My husband and I have lived in Minneapolis’s Powderhorn neighborhood since 2005 (and, for 14 years prior, three blocks south in Bancroft). We moved to Powderhorn because of the wonderful housing stock (our duplex will soon turn 100), the proximity of one of the best parks in the city (Powderhorn), the 15-minute commute to my downtown office, and the tolerant and involved neighborhood. Our block has residents who have lived here since the middle of the last century, as well as young families. Most of the houses around us are well-kept, too.
Therefore, we were very disappointed to read Minnesota Monthly’s April article “Best Places to Live,” with its statistics painting a bleak picture of Powderhorn and its list of “best places” highlighting the suburbs. Median house price in Powderhorn $119,700 and average days on the market 141? A neighboring bungalow just sold for $200,000 in less than a week. The houses in foreclosure have no doubt affected the average sale price, but we’re seeing many of those homes snapped up and rehabbed. We do need more resources—particularly to revitalize the 38th Street corridor and its businesses, hurt by “big-box development”—but what we don’t need is an “in-depth report” in Minnesota Monthly that is neither deep nor responsible reporting.
Recipe for Relief
Regarding Dr. Bowron’s piece on the benefits of the Alexander Technique for lower back pain. My lessons with Brian McCollough, one of the two teachers featured, provided me a way to relieve upper back pain without fail. When I have a backache, I do the Alexander Technique “lie-down” for 10 to 20 minutes and that fixes it. Truly amazing.
I am Italian. I am a New Yorker. I am an Italian New Yorker who goes both to New York and to Italy to eat, and I was most surprised by your review of Pazzaluna. How can you possibly call Pazzaluna good? The best Italian restaurants know hospitality. At Pazzaluna, hospitality is completely lacking. My husband and I, on the times we’ve tried the restaurant, have been kept waiting for confirmed reservations while others were seated because “they were late,” according to the manager. On several occasions, we have been shoddily served and generally treated like we came from “the sticks.” In New York and Italy, we have been treated far better.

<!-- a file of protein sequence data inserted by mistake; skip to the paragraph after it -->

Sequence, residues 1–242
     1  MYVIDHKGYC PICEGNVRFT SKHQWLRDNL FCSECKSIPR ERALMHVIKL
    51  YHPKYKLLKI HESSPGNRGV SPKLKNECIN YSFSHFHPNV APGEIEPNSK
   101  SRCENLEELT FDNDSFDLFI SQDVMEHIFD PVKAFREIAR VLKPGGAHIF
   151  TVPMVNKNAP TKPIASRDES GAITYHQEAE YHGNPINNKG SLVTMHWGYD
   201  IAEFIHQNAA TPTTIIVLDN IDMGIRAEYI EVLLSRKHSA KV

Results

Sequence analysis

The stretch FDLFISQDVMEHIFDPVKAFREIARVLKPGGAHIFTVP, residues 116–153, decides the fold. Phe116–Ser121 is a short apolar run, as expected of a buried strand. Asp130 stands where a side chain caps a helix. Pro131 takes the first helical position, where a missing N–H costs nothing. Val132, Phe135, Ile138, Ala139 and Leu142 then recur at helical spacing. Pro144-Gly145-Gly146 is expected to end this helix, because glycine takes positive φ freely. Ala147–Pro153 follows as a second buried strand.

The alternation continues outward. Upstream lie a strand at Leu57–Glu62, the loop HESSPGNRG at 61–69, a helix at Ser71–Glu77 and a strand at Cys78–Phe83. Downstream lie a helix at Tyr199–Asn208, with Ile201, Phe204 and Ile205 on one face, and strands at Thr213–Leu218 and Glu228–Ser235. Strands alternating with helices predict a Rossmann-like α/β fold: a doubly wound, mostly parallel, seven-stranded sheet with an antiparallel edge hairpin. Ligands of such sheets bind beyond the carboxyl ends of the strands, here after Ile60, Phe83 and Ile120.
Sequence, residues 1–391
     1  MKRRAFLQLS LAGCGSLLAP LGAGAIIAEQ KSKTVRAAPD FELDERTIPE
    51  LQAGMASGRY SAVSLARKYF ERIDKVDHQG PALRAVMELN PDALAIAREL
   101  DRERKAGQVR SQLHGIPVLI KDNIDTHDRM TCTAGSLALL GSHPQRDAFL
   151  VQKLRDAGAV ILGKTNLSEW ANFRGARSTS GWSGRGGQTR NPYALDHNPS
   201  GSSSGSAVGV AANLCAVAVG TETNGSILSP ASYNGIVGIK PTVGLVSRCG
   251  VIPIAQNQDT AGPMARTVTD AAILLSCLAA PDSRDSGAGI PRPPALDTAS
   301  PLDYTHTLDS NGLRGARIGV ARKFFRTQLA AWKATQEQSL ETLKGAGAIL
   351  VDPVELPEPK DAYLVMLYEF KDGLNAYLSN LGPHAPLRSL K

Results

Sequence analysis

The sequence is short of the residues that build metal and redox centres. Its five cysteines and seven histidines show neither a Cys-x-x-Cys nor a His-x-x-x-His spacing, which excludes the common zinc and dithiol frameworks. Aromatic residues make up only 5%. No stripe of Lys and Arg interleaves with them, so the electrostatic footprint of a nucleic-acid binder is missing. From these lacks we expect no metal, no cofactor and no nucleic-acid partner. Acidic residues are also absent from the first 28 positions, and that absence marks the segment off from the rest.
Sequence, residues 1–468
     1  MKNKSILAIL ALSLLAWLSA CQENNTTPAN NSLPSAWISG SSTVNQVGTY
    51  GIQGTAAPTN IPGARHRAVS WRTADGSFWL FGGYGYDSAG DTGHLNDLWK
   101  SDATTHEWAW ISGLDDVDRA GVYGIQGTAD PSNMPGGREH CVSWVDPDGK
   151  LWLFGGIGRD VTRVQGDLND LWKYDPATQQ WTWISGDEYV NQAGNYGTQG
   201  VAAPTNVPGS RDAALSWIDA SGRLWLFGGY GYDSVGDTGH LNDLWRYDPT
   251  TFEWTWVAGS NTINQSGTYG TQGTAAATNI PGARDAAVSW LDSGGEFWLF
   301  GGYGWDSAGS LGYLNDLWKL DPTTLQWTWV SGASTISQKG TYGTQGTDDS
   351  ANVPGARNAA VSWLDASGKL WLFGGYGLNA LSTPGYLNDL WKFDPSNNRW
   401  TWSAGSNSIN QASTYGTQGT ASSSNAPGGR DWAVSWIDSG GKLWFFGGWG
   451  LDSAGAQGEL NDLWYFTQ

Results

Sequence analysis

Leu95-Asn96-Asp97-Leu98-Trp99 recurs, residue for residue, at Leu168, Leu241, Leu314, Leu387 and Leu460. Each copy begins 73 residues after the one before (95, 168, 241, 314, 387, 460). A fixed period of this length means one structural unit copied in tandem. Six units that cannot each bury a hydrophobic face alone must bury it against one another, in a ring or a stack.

Via the Internet
Editor for a Day
I received the April issue of Minnesota Monthly, and as usual, read it from cover to cover. I have one major complaint and one minor one, however.
For many years, I have felt that the magazine is misnamed. It would make more sense to label it “Minneapolis Monthly,” or “Twin Cities Times” or “Metro Magazine.” The use of the word Minnesota implies coverage of the entire state, and while that is somewhat true, the key word is “somewhat.” Surely it would not be that difficult to include one fairly major article, per issue, that pertains to a topic that is not centered in the metro area.
My second complaint, has to do with the Tamarack Award. While I greatly applaud the award, and the efforts behind it, and have greatly enjoyed reading the Tamarack pieces over the years, I think this, too, could be expanded. Why not add both a poetry and a creative-nonfiction category? Minnesota has a literary reputation that exceeds the limited range of short fiction. MPR and Minnesota Monthly could play a role in expanding that reputation.
Editor’s note: Each month we get a letter or two taking us to task for not adequately covering non-metro Minnesota. While we take readers’ feedback seriously, such complaints would probably surprise the subjects of several recent stories (Shattuck–St. Mary’s School in Faribault; a novelist in Mankato). Even so, we’re always trying to do better, so we invite you to tell us what’s worth covering in your neck of the woods. Write us at firstname.lastname@example.org. Meantime, check out the piece on page 57 about Minnesota writer Bill Holm, who spent most of his life in the town of Minneota.
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